Saturday, January 30

A Once in a Lifetime Event

The seed had fallen to the ground some twenty years before, one small hope amongst several thousand siblings. They succumbed to drought, starvation or local predators.

But not this one.

Feet dug ever deeper into the soil beneath. Grey trunk body thickened year by year whilst branching arms stretched newly bursting bud tips ever higher towards the sky with the start of each Spring.

Oh yes it was hard work.

Older & stronger trees had claimed this ground scores of years before when the seedling's parent was little more than the same hopeful shoot hidden deep in the undergrowth.

But the niche the seedling had carved out for itself was a careful one. Balancing nutrient from the earth around about, while threading its head upwards in a continual challenge to touch the sun despite the growing shade crown of mightier neighbours.

And even whilst competing for that light our tree & its neighbours talked together, as trees so often do. If only one stops to listen.

On calm sunny days little was said. The sun's life force beaming down made all else secondary.

But bare branched, during winter gales, the trees swayed and rocked as one. Chattering to each other as they told tales of mighty storms now long past. The movement of their branches exciting a temporary camaraderie.

Today that feeling was a distant memory. Maybe something that would not occur again.

For something was not right.

An orange spot, a splash of paint, had appeared on the tree's trunk. One chosen alongside others across the area. The mark of Cain? Or a sign of promising things ahead?

No matter - what will be will be. The tree waited. For it lived patience.

A lone walker, black and white dog at heel, appeared at the crest of the rise moving steadily down the track alongside the tree's domain.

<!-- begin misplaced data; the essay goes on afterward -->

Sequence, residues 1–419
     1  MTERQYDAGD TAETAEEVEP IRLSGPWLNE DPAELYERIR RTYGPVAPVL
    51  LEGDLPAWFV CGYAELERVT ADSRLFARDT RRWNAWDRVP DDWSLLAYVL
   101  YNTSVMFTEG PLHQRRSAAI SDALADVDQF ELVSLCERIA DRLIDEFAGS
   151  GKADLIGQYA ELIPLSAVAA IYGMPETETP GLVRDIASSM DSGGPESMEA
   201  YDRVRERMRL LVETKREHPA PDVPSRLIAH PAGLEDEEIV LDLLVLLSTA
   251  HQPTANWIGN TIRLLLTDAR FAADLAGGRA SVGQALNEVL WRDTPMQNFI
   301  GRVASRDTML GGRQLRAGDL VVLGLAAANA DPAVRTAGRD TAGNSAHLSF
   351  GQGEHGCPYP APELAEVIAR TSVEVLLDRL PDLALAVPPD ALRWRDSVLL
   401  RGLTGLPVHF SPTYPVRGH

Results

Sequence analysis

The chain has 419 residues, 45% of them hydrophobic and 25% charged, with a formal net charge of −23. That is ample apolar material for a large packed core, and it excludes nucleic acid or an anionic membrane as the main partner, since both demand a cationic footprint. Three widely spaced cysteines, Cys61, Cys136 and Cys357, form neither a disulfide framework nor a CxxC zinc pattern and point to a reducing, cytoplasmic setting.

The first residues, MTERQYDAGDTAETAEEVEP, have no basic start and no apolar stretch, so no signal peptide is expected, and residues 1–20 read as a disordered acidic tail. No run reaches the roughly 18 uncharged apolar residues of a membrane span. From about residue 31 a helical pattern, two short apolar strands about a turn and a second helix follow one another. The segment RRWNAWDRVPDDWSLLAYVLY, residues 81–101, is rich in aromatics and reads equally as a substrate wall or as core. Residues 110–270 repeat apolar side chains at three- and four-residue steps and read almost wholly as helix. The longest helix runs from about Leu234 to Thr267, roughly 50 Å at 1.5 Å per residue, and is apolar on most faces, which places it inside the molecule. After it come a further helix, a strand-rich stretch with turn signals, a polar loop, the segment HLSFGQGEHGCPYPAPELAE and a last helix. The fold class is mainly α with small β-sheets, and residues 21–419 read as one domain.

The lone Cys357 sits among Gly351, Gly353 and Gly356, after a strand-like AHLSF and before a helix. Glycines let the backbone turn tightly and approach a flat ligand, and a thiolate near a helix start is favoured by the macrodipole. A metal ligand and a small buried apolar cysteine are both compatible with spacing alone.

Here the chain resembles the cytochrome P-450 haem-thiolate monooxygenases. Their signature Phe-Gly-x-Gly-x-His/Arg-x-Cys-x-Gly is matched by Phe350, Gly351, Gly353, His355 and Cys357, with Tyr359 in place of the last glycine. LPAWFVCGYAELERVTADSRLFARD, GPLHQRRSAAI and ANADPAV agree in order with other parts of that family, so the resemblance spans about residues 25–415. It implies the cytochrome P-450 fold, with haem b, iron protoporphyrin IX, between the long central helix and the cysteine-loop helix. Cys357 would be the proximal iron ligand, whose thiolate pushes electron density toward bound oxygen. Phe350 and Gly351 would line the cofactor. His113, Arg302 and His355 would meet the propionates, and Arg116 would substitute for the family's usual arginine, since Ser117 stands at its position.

And then it happened.

It arrived with that wisdom of inevitability. A product of hindsight's clear path to the moment when a world changes.

The tree felt its solid grasp on the earth's surface slip. Slowly it started to topple. Its airy head moving towards the ground far below.

The walker looked up at the sudden noise of something heavy tearing through woodland. Looking groundwards he expect to see a regular movement of deer. Or perhaps a few bulky New Forest cattle crashing through the dead bracken.

Instead a blur of green swaying leaves moving above his eye line grabbed at his attention.

He concentrated on the sight until the fall was complete.

The tree, after one storm too many & the increasing weight of rampant ivy around its trunk, had accepted the inevitability of physical laws and toppled to the ground.

Not with a crash. More a gentle murmur of rustling foliage, before a final dullen flat thud. The shared noise that comes with any large & very heavy object returning to earth.

For a few moments the walker continue to stare, taken aback by the event's suddenness.

And then, leaving the path, he walked over to the tree. Leaves once again still after a final airy flight. Roots snapped clean. The ground from whence they had been torn already resettling. This disturbance, obvious now, to quickly disappear with a few weeks of rain & frost.

One uniquely precise & fleeting moment. An infinitesimal hap chance amongst endless trillions of complex life force interactions across the Earth. And of all space and time.



I went for a walk in the New Forest today.

By chance I saw a tree fall to the ground.

No-one else was around.

And yes, it made a sound......or rather two.

One while it fell.

And a second that still rings deep inside me at the incredible odds of seeing it happen.

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Comments:
A great piece of prose.

Very moving.
 
That happened to me a few years ago in Epping Forest. It was a very tall tree and only about 50 metres away. Scared the life out of me!
 
Nice stuff John. Keep it up !!!
 
Very reflective and provoking post John.
 
Glad it entertained
;-)
 
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